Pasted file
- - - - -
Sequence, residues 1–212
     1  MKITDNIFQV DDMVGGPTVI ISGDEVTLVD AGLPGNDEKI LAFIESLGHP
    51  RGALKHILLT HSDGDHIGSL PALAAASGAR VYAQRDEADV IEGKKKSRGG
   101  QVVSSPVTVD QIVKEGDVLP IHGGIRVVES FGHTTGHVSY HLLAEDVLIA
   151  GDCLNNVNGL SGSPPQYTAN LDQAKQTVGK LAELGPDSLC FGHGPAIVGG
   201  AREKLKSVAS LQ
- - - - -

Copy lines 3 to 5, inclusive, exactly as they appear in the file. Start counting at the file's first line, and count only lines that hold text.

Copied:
    51  RGALKHILLT HSDGDHIGSL PALAAASGAR VYAQRDEADV IEGKKKSRGG
   101  QVVSSPVTVD QIVKEGDVLP IHGGIRVVES FGHTTGHVSY HLLAEDVLIA
   151  GDCLNNVNGL SGSPPQYTAN LDQAKQTVGK LAELGPDSLC FGHGPAIVGG